With their large green fronds, palm trees are not only wonderful green companions in the home and office, but they are also filigreeing interior designers and lively air fresheners. You have to pay attention to this when you bring a house palm into your house.
Indoor palms are the ideal plants when it comes to bringing the South Sea atmosphere into the apartment or the winter garden. Many of the exotic plants thrive in pots and can develop their natural charm for many years in light or partially shaded places in the living room, bedroom, or bathroom. The care of the evergreens is usually associated with little effort and most of the specimens available in stores remain small enough not to take up too much space in the apartment. If placed in palm soil or good potted plant soil, most palms then only need regular water and naturally, stretch their fronds.
The best indoor palms
The mountain palm (Chamaedorea elegans) is one of the smallest representatives of its guild and does not grow taller than a meter even in a larger pot. The dainty small tree is mostly used to decorate east or west windows and bright desks. You should avoid direct sun. Unlike most palm trees, the mountain palm tolerates calcareous tap water very well.
One of the most popular indoor palms is the Kentia (Howea forsteriana). It stretches out its feathers on long stalks, elegantly overhanging. In pot culture, it can grow up to three meters high. But since it grows very slowly, it rarely reaches this height. The Kentia palm likes to stand in a slightly acidic substrate, half of which should be mixed with sand. Temperatures around 20 degrees Celsius and high humidity are best for her.
Botanically, the stick palm (Rhapis excelsa) belongs to the umbrella palm and can grow up to five meters high in nature. It stays much smaller in the pot. Its deeply incised umbrella leaves are dark green and arise from the trunk at any height, which gives it a dense appearance. The stick palm is suitable for shady locations at temperatures between 15 and 20 degrees Celsius. It yellows when it is too bright.
Unlike Areca or Kentia, the stick palm has large umbrella leaves
The bottle palm and the spindle palm (hydrophobe) are good for warm and sunny places in the apartment. On the other hand, these indoor palms do not tolerate cold at all, so temperatures should not fall below 18 degrees Celsius even in winter. With their curious bulbous trunks, they look particularly exotic. However, these palms are not suitable for beginners, as a certain amount of tact is required when watering and both plants need to be refreshed daily with a spray of water.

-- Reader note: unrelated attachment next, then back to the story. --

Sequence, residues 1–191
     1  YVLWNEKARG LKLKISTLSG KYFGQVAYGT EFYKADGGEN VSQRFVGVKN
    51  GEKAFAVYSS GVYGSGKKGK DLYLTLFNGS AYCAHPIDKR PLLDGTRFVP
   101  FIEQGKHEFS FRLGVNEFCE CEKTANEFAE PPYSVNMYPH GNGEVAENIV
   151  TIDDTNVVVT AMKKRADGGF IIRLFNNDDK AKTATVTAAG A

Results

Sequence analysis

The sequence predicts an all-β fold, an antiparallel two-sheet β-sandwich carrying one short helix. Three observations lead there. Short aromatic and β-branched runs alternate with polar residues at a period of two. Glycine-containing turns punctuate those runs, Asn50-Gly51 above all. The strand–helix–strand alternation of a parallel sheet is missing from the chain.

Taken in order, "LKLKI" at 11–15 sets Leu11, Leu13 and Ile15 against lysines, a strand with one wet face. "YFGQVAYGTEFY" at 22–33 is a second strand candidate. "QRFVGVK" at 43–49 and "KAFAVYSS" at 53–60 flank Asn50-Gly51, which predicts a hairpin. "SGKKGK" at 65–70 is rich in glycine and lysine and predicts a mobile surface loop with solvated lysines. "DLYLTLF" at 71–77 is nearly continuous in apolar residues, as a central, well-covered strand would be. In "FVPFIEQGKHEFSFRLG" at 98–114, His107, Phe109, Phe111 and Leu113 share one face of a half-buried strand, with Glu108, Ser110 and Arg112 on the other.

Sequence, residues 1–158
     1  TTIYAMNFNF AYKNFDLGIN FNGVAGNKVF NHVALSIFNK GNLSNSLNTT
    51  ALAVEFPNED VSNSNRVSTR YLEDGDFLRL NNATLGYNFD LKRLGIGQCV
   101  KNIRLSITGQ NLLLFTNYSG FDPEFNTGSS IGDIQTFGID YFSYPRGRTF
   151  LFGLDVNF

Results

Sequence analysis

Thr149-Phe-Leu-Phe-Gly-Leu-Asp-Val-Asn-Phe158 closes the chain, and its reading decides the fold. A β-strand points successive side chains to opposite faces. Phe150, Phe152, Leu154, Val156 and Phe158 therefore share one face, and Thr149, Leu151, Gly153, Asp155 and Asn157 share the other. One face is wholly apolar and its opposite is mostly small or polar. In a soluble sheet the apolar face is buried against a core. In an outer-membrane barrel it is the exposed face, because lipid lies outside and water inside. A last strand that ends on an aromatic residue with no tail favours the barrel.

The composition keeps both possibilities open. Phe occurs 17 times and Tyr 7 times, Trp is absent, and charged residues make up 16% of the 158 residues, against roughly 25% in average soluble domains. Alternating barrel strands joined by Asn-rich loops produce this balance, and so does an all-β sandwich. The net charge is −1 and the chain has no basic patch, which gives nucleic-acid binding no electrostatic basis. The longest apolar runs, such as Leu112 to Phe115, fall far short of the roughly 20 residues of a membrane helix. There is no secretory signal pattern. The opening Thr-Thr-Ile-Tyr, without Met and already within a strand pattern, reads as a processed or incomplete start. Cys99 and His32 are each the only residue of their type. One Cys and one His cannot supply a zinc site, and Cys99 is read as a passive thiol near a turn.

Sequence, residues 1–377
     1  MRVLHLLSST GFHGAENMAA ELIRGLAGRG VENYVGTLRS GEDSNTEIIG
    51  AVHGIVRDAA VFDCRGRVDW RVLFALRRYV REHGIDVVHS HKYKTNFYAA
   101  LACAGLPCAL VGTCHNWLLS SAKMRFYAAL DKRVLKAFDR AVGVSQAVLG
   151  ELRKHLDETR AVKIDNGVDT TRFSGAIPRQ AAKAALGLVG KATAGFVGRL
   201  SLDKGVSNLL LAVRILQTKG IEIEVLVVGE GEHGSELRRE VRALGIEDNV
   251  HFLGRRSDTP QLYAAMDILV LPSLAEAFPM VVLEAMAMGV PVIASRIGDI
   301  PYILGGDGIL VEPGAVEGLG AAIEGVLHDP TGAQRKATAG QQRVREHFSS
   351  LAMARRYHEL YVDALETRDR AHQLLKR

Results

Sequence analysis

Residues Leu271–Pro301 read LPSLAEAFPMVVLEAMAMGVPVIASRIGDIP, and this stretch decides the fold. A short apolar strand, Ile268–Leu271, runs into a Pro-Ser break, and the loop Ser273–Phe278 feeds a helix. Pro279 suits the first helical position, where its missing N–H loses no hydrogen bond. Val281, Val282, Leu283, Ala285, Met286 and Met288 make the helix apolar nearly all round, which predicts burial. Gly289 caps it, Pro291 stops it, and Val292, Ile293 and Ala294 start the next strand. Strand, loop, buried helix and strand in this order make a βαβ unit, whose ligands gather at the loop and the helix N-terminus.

A welcome guest in the room is the golden fruit palm (Dypsis lutescens), also called areca. It grows bushy upwards from several tube-like trunks. The golden fruit palm can become quite large in the winter garden, but it grows extremely slowly and is therefore also a good choice for a bright room. This type of palm is particularly suitable for hydroponics, but once it is rooted it is difficult to transfer it to another substrate. The soil mixture should be slightly acidic and well-drained. Permanently high temperatures of over 18 degrees Celsius are ideal for the Areca palm. If the air is too dry, the leaf tips turn brown.
The areca palm should always be kept moist
How do you properly care for indoor palms?
When choosing your indoor palm, make sure that it gets enough light. Although some species can tolerate somewhat shady locations, dark room corners or stairwells are poorly suited for palm trees. You shouldn’t expect every palm tree to be in full sun, otherwise, the leaves will dry up quickly. Many indoor palms have a high demand for water, so regular watering is important. Here you should rather waterless, but then thoroughly. Spray the indoor palms at short intervals with water that is low in lime. This increases the humidity and prevents pest infestation.
Brown leaf tips on young fronds indicate dryness, but on older fronds they are normal. Tip: If you want to cut off the tips, leave a small edge so that the drying zone does not eat any further. If the leaf fronds are dusty, indoor palms look forward to a lukewarm shower. To maintain vitality, it is good to repot the palm trees in spring and supply them with a fresh, acidic substrate. So you start with enough energy in the next growth phase. Older specimens, which cannot be repotted so easily, should be provided with low-dose green plant fertilizer every 14 days over the summer months.
Indoor palms suffer from dry air and should be sprayed regularly
What to do with pests
Palms are unfortunately very susceptible to pest infestation, especially in dry indoor air. Mealybugs, mealybugs, scale insects, and spider mites like to spread on the trunk and in the leaf axes. Due to the bushy growth, the little pests are not always easy to spot. It is best to check your indoor palm every week and check the trunk as well as the upper and lower sides of the leaves for animals or webs. Regular spraying or showering helps to avoid pest infestation. Daily ventilation also keeps lice and mites away.